The Jacques Beauchamp Award is presented to the Canadiens’ most unsung hero, but in the case of 2016-17 recipient Phillip Danault, it may as well have been named the Rodney Dangerfield trophy. Can Danault build upon the progress he made in his first full NHL season and finally earn a bit more respect from the fans and media?
The fact that Danault suited up for all 82 games in 2016-17 is significant not only because he was the only member of the Montreal Canadiens to do so, but more so because it was the first full season in the 24-year-old forward’s young career. This, coupled with the fact that he worked his way from the bottom to the top of the forward depth chart, make his 40-point output much more significant than it may appear at first glance.
The dead horse that continues to be mercilessly beaten is the fact that the Canadiens lack top-line centres. Tomas Plekanec’s game faltered mightily in 2016-17 and Alex Galchenyuk could not earn the trust of Michel Therrien nor Claude Julien. This conundrum quietly gave way to the emergence of Danault, the former first round pick of the Chicago Blackhawks, who slid admirably into the slot between Montreal’s top wingers, Captain Max Pacioretty and the recently departed Alexander Radulov.
It was while playing between the team’s top two veteran wingers that Danault’s game began to emerge – and while his 40 points are not the stuff of Cup-winning first line centres, they do represent a decent result for a player who entered his first full season as a fringe forward.
Largely viewed as a defensive specialist, Danault is admittedly a less-than-adequate choice for the role of #1 centre, but this shouldn’t unfairly diminish the production he was able to contribute in his first full season.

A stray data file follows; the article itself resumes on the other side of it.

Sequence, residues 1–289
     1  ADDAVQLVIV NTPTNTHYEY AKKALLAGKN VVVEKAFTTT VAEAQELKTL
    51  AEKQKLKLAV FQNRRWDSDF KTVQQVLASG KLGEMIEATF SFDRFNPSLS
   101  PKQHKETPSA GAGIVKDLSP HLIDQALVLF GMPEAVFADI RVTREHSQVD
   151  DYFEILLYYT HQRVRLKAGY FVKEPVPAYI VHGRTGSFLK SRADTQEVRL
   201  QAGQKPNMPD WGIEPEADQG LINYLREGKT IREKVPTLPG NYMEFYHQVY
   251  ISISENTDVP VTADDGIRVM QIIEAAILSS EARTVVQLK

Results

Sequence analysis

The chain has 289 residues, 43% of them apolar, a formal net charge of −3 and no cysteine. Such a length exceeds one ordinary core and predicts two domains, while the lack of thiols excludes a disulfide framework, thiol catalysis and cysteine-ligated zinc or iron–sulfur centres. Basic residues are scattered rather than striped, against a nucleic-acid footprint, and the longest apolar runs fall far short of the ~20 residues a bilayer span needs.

Season Stats: 82 GP, 13 goals, 27 assists, 40 points, +5 rating, 35 PIM, 0 PPG, 3 GWG, 133 shots, 15:35 ATOI
Playoff Stats: 6 GP, 0 goals, 2 assists, +1 rating, 2 PIM, 0 PPG, 0 GWG, 10 shots, 16:39 ATOI
**This is where we would normally provide multi-year stat averages, but with Danault having only played two NHL seasons and the disparity of games so great between those campaigns, it doesn’t make for an accurate depiction.
There are few players on the Canadiens’ roster whose 2017-18 role is more in question than that of Phillip Danault. Where he ends up in the depth chart will largely depend on the decisions made with respect to the team’s more prominent, high-profile forwards.
Despite what Marc Bergevin will tell you, many Hab fans believe Galchenyuk will assume his ‘rightful’ place as the #1 centre, which would push Danault down to the second line centre spot. There is also the possibility of a Plekanec resurgence, which would then relegate Danault to one of the bottom two trios.
Another wild card for Danault is the ever-looming possibility of Bergevin adding another warm body to his group of centres – be it a Stephane Da Costa, or less likely, a blockbuster trade acquisition like Matt Duchene or Ryan Nugent-Hopkins.
It’s really a crapshoot to try to predict where Danault will line up over the course of the season, but the most likely scenario in this writer’s opinion is that he will be shuffled between centring the second and third lines, perhaps with some light power play duty sprinkled in.
The good news is, thanks to the Canadiens’ surfeit of wingers, Danault is sure to be flanked by some good scoring talent. He may not see much time between the likes of Drouin and Pacioretty, but that still leaves Artturi Lehkonen, Brendan Gallagher, Paul Byron, Charles Hudon, Ales Hemsky, Andrew Shaw and possibly Galchenyuk – should he remain on the wing. In short, the potential will certainly be there for Danault to build upon his totals of a year ago.
While it’s true that Phillip Danault does not possess the pedigree of a scorer, he is the type of player NHL coaches love – and that translates into ice time. Danault is not only a dedicated and responsible player, but he is also a passionate hard worker who is constantly striving to improve his game. Considering how well he fared in his first full season as an NHL player, there is a very real chance Danault will continue his upward trajectory, which could see him crack the 50-point plateau. If that becomes the case, suddenly the unsung hero may find himself earning a bit of the respect that seemed to elude him in 2016-17. From a fantasy perspective, he might be worth a gamble in the late rounds of deep pools.